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Home   /   Thesis   /   Identification by Machine Learning of penalizing configurations in accidentel scenarios in presence of threshold effects

Identification by Machine Learning of penalizing configurations in accidentel scenarios in presence of threshold effects

Engineering sciences Mathematics - Numerical analysis - Simulation


Nowadays, numerical simulations run in the nuclear field are essential to study the behavior of existing and innovative nuclear power plants. Simulation results are affected by various means of uncertainty (e.g. physical parameters, modeling parameters). Quantifying and propagating these uncertainties to simulation results is a crucial issue for robust forecasting of the output quantities of interest. During an accidental transient, the latter can be the maximum cladding temperature in the reactor core or the pressure in the containment vessel.

This doctoral project focuses on the so-called "Best Estimate Plus Uncertainty" (BEPU) methodology dedicated to the simulation of accidental scenarios for safety demonstration. This methodology first consists in simulating the scenario of interest using a Best Estimate computing code, i.e., running simulations of the scenario as realistically as possible, then quantifying the uncertainty of input parameters by probability distributions. These uncertainties are then propagated to the outputs quantities of interests, and the configurations (of the inputs) that are critical to reactor core safety can be identified. As the simulations are generally time-expensive, the previous steps often rely on the construction of a surrogate model, also called metamodel, emulating each output of interest. Built from a limited number of code simulations, this metamodel (such as the Gaussian process metamodel) then allows more intensive exploration of the space of uncertain parameters. This BEPU methodology was developed for regular transient, but never for transients with threshold effects.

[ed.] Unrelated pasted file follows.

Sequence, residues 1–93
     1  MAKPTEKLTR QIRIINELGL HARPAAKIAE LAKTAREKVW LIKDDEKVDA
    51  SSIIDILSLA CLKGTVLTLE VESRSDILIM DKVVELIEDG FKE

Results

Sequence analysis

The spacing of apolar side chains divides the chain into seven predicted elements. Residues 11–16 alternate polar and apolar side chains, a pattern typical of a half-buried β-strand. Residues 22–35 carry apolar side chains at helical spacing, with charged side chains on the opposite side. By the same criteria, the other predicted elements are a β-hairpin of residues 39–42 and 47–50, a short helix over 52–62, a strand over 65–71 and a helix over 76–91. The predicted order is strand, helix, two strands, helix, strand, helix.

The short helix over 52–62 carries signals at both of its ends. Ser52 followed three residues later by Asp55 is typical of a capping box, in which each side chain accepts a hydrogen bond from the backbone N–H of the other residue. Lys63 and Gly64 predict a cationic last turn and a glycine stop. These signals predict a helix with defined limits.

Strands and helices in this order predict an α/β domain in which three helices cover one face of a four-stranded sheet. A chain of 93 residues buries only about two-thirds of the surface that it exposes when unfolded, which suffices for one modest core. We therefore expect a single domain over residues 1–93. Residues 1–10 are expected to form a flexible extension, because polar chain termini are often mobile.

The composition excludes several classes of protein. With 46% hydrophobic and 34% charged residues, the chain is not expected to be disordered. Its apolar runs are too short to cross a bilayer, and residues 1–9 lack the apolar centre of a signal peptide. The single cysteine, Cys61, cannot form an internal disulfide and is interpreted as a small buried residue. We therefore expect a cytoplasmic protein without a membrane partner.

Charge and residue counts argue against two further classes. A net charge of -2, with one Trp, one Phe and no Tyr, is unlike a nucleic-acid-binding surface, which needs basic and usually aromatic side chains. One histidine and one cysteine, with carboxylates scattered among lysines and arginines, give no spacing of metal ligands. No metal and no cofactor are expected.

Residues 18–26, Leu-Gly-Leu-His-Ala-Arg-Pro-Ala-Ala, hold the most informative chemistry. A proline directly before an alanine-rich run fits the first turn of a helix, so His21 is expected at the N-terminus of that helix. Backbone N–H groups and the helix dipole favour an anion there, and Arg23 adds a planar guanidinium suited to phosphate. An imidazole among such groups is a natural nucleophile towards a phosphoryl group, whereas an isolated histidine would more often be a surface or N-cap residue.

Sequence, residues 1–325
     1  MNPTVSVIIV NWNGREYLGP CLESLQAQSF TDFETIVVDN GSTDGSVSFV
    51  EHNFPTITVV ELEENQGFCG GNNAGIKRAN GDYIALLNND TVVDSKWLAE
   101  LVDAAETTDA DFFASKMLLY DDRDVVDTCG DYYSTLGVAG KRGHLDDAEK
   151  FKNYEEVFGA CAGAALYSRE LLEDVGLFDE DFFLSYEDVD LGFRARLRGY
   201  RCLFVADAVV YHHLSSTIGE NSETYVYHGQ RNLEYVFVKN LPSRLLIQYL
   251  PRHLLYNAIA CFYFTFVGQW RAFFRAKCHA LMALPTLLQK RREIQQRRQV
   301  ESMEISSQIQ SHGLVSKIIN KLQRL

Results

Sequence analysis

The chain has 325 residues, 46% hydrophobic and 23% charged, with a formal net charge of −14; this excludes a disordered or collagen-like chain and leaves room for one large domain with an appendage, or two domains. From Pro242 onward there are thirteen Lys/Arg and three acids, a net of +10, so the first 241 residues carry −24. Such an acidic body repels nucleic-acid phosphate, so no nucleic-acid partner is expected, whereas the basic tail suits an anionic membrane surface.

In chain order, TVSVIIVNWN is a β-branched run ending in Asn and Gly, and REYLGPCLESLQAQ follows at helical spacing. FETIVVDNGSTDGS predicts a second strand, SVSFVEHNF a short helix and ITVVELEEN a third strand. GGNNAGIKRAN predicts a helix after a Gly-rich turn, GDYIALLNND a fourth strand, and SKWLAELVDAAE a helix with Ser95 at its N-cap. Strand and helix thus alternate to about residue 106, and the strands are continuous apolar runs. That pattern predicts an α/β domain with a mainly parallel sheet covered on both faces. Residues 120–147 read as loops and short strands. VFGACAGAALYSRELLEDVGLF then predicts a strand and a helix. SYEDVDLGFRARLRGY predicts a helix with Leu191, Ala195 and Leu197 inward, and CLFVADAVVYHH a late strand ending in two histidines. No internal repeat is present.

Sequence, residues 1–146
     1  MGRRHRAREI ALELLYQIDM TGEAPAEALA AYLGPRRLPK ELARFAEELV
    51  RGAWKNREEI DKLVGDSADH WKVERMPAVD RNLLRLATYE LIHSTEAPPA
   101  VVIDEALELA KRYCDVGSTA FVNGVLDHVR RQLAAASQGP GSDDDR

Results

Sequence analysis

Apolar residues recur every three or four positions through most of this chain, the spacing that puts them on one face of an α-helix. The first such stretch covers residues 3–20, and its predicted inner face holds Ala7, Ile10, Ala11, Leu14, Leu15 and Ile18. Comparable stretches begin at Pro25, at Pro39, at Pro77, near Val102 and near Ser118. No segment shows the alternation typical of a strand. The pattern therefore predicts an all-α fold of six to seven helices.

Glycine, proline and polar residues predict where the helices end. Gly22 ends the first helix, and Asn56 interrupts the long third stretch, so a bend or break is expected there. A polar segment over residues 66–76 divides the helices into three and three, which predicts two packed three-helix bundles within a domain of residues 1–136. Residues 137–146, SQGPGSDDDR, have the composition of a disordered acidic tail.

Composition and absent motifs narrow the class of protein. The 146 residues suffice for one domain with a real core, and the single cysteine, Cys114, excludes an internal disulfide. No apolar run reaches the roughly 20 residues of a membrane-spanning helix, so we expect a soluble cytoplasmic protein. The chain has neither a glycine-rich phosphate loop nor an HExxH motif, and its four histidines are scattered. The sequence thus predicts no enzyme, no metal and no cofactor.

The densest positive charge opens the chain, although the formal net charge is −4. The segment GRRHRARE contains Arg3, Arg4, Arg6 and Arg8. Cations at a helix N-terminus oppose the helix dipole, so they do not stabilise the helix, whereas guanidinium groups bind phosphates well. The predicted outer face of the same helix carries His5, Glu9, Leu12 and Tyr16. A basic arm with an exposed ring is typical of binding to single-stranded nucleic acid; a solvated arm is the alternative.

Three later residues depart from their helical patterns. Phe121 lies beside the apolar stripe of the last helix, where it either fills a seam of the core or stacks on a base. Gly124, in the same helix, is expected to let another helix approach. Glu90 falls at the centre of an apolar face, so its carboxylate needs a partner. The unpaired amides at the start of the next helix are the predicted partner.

In this context, this doctoral work will aim at implementing advanced Machine Learning techniques to perform metamodeling and uncertainty propagation steps for simulations subject to some threshold effects due to physical bifurcations of the accidental scenario being simulated. Those techniques will be applied to the simulation of a reactivity-initiated accident where some bifurcations have been identified but which the impact on the uncertainty was not fully characterized. This work will contribute to the simulation-based safety demonstration of such nuclear accidents tainted by thresholds.


Département de Modélisation des Systèmes et Structures
Laboratoire d'Intelligence Artificielle et de science des Données
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